Wednesday, October 17, 2012

we took a day off...

and went to hear well known ceramic art critic, Garth Clark, speak at the Mint Museum in Charloltte, NC.

Back in August when the Mint announced the program, I purchased tickets right away. There was no way I was going to miss hearing Garth Clark in person! If you are friends with him on facebook, you have seen and read his numerous, provocative posts.

The Delhom Service League, presented the symposium, "Traditional Pottery: Back to the Future". Other speakers included potter Matt Jones, Charlotte Wainwright, founding director of the Gregg Museum of Art & Design at NCU, and potter Mark Hewitt. The symposium was a culmination of dialogue between Clark and Jones that began when Jones wrote a series of blog posts in response to Clark's 2008 address, "How Art Envy Killed the Craft Movement: An Autopsy in Two Parts. If you haven't read Matt Jone's blog posts click here. I won't bore you with a rehash of the day, but it was fun, informative, and gave Jeff and I lots to discuss on the long ride home.

The final photo of Clark's presentation was hands holding a bowl of rice... we make pots because it's our love and passion, but we also need to eat. These are my words, not Clark's.
The past collectors are aging and downsizing... I hear that often when they visit our gallery (I am just browsing, I don't have room for anything else in my home). As craftsmen, we need to find a way to appeal to  the younger crowd... the future collectors, the ones that haven't filled up every closet, shelf, and cupboard in their home.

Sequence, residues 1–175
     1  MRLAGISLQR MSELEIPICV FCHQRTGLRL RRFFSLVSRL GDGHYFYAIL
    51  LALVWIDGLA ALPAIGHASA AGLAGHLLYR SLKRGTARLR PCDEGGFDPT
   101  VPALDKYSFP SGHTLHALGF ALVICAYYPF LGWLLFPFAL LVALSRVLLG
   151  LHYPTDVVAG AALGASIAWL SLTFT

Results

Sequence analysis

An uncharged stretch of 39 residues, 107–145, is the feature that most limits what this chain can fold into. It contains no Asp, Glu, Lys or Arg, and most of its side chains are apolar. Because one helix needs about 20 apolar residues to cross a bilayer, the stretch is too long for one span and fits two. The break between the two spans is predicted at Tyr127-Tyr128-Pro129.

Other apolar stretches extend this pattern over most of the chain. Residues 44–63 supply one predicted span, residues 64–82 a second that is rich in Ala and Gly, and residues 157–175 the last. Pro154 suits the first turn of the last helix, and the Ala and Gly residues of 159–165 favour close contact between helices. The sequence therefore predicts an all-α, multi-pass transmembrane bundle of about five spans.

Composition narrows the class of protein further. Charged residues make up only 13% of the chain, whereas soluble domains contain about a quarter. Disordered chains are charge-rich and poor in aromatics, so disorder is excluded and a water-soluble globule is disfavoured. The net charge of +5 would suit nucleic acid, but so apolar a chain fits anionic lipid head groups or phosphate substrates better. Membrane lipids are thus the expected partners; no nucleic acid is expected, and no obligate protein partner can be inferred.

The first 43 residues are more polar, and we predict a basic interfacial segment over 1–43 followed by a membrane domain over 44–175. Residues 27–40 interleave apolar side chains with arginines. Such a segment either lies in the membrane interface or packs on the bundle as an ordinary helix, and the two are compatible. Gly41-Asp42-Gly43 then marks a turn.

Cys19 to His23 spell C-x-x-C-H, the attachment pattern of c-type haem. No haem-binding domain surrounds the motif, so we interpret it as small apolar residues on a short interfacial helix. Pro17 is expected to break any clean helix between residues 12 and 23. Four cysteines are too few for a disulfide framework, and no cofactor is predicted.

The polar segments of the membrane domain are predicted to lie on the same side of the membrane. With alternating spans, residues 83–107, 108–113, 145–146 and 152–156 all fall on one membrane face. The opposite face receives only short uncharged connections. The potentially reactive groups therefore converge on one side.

What is their aesthetic?

Garth Clark says we need to look towards the design industry.

Food for thought.

7 comments:

  1. You know, I have mixed feelings about this comment regarding following the design trade and this is one reason I didn't rush to see Garth talk. On one hand, I am all about fashion trends. I read fashion magazines and home decorating magazines and I get tons of home catalogs. A throw back to my days as a designer I suppose, I'm a junkie! I too hear people say, oh I love this but I'm trying to get rid of all that I have now, not add to it. But, I also have younger couples that love my barns, so that's a good sign. Some days I think I need to look at what's happening fashion wise but then there are days when I just want to make what I love to make and the hell with design trends.
    Most days I don't think fashion trends should dictate craft and art. This is something that comes from inside a person, something they have inside that they want to speak to, and trends should not matter, when you make what you love. However, if I were making functional pottery I would wonder if my glaze colors were going to match a person's home decor or if my colors were looking dated. On the other hand if it's traditional Seagrove pottery, part of the love for that craft is the nostalgia of it all.
    I knew if I went to this talk, I would get a serious Libra mind f@#k, but I'm sure that it was very interesting. I just go back and forth too much in my mind, so I avoid talks like this, haha!

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  2. Tracey, I know what you mean about just wanting to make the things you love... that's all I want to do!!...but I have bills to pay.